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Endocrinology. 2010 Apr;151(4):1509-19. doi: 10.1210/en.2009-0854. Epub 2010 Feb 25.

Increased hypothalamic signal transducer and activator of transcription 3 phosphorylation after hindbrain leptin injection.

Author information

1
Department of Veterinary and Comparative Anatomy, Pharmacology, and Physiology, Washington State University, Pullman, Washington 99164-6520, USA.

Abstract

Reduction of food intake and body weight by leptin is attributed largely to its action in the hypothalamus. However, the signaling splice variant of the leptin receptor, LRb, also is expressed in the hindbrain, and leptin injections into the fourth cerebral ventricle or dorsal vagal complex are associated with reductions of feeding and body weight comparable to those induced by forebrain leptin administration. Although these observations suggest direct hindbrain action of leptin on feeding and body weight, the possibility that hindbrain leptin administration also activates the Janus kinase/signal transducer and activator of transcription 3 (STAT3) signaling in the hypothalamus has not been investigated. Confirming earlier work, we found that leptin produced comparable reductions of feeding and body weight when injected into the lateral ventricle or the fourth ventricle. We also found that lateral and fourth ventricle leptin injections produced comparable increases of STAT3 phosphorylation in both the hindbrain and the hypothalamus. Moreover, injection of 50 ng of leptin directly into the nucleus of the solitary tract also increased STAT3 phosphorylation in the hypothalamic arcuate and ventromedial nuclei. Increased hypothalamic STAT3 phosphorylation was not due to elevation of blood leptin concentrations and the pattern of STAT3 phosphorylation did not overlap distribution of the retrograde tracer, fluorogold, injected via the same cannula. Our observations indicate that even small leptin doses administered to the hindbrain can trigger leptin-related signaling in the forebrain, and raise the possibility that STAT3 phosphorylation in the hypothalamus may contribute to behavioral and metabolic changes observed after hindbrain leptin injections.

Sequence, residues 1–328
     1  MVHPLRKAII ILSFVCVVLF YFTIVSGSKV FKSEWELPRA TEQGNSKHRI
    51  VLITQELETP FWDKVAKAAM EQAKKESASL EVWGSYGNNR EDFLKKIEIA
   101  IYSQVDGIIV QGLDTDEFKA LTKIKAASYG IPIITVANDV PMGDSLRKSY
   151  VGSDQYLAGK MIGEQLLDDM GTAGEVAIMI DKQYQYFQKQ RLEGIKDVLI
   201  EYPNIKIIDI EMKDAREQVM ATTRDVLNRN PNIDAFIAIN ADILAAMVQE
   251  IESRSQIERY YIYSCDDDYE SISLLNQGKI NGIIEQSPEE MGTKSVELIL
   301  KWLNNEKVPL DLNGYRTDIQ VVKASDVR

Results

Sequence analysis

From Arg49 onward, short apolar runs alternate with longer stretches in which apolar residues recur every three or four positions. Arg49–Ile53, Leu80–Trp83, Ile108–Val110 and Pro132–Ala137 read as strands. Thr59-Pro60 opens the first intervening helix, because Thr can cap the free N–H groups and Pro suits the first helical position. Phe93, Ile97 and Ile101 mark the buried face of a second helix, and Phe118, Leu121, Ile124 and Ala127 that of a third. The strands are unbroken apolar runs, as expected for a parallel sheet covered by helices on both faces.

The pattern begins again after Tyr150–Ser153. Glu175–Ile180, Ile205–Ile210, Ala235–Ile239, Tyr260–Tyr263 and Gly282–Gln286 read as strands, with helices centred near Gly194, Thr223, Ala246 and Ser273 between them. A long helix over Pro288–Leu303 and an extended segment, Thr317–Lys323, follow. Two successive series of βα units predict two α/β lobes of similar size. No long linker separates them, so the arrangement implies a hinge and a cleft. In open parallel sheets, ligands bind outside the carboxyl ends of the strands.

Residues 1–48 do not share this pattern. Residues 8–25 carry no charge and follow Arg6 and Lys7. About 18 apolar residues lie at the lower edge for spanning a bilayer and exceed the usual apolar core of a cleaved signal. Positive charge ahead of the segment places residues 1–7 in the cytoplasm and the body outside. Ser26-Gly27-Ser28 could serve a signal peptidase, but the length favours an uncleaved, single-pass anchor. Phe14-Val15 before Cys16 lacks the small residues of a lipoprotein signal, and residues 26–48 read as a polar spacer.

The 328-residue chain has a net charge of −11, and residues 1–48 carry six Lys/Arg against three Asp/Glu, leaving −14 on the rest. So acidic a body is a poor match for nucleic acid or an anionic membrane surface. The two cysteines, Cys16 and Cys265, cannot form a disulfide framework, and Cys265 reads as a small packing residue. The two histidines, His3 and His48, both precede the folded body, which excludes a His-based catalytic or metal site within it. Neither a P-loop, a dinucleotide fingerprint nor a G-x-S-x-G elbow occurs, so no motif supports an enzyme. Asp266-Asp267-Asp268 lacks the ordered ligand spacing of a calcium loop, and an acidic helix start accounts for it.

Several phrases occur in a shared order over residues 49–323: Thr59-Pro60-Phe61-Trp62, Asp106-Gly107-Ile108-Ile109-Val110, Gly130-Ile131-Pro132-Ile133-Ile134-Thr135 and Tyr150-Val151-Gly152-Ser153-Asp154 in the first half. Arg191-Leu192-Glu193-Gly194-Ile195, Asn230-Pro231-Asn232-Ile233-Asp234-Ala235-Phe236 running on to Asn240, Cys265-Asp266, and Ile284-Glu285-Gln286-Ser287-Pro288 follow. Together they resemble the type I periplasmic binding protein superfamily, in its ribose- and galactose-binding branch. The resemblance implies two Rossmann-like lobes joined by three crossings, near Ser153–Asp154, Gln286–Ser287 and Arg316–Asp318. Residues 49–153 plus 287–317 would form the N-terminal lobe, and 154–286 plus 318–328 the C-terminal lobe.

PMID:
20185769
PMCID:
PMC2850241
DOI:
10.1210/en.2009-0854
[Indexed for MEDLINE]
Free PMC Article

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